WHO Gives Stigmatizing Corona Variants New Names
From now on, the variants of the coronavirus are named with Greek letters. The World Health Organization (WHO) wants to avoid the stigma attached to the countries where the variants were first identified.
The WHO has renamed four variants of the coronavirus: the British variant (B.1.1.7), the South African (B.1.351), the Brazilian (P.1) and the Indian (B.1.617.2) ). They will be called Alpha, Beta, Gamma, and Delta, respectively, in order of discovery. New variants will also be named after the next letter in the Greek alphabet.
The WHO emphasizes that the existing scientific names with numbers, letters and dots will also continue to be used, because they contain important information for the research. “So these scientific names have their advantages, but they are difficult to pronounce and remember, which can lead to mistakes,” explains the organization.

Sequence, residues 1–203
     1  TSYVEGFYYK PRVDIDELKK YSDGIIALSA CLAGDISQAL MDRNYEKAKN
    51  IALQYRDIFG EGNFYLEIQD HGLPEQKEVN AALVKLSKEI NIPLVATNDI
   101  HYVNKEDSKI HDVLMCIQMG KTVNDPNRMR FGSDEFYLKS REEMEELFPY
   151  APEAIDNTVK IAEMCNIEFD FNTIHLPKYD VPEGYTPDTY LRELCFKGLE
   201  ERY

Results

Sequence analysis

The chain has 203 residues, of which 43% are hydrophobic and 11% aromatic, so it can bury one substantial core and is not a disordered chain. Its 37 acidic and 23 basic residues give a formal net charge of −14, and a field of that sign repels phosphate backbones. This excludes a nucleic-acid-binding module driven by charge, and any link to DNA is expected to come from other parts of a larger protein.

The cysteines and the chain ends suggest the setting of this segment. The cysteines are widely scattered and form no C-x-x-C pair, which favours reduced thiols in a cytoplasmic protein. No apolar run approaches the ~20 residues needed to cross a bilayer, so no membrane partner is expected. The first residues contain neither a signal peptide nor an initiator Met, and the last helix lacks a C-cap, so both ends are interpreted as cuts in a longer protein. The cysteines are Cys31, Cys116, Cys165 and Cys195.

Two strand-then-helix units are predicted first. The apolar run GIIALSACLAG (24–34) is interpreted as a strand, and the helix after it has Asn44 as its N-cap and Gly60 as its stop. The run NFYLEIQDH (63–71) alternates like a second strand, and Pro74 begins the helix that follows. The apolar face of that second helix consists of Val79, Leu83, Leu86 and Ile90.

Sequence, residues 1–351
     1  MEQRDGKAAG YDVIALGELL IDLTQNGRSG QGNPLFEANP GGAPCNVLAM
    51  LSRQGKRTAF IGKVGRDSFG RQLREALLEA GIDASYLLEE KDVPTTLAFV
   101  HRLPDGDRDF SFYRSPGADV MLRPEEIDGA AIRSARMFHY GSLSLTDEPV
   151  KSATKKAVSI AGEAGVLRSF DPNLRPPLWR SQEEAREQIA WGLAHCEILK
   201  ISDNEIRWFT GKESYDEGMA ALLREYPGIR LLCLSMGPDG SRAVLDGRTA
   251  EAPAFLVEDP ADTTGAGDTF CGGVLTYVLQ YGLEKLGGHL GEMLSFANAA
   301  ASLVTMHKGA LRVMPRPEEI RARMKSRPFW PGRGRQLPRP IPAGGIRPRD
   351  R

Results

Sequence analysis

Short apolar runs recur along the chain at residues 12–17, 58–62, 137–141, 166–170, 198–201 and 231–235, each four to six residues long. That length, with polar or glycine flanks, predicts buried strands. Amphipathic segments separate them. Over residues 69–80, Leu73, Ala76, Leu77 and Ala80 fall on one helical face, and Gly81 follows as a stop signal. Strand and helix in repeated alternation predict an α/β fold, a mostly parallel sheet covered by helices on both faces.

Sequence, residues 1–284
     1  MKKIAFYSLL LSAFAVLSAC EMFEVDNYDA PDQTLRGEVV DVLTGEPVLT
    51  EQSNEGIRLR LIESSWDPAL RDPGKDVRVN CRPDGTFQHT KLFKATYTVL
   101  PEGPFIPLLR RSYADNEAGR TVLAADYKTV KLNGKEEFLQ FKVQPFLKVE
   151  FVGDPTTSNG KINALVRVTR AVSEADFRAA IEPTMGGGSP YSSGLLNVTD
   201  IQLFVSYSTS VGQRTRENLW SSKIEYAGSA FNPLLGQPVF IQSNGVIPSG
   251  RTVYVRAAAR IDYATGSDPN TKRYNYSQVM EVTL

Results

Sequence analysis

As a result, viruses are often named after the places where they were discovered, but according to the WHO, this has a stigmatizing and discriminatory effect. “To avoid that and to facilitate public communication, we recommend that national governments, media and others adopt these new names.”
By the way, the health organization did not go overnight in the search for the new names, the involved bacteriologist Mark Pallen confirms to The Guardian. According to Pallen, discussions were held for months, and various alternatives such as the names of Greek gods were discussed.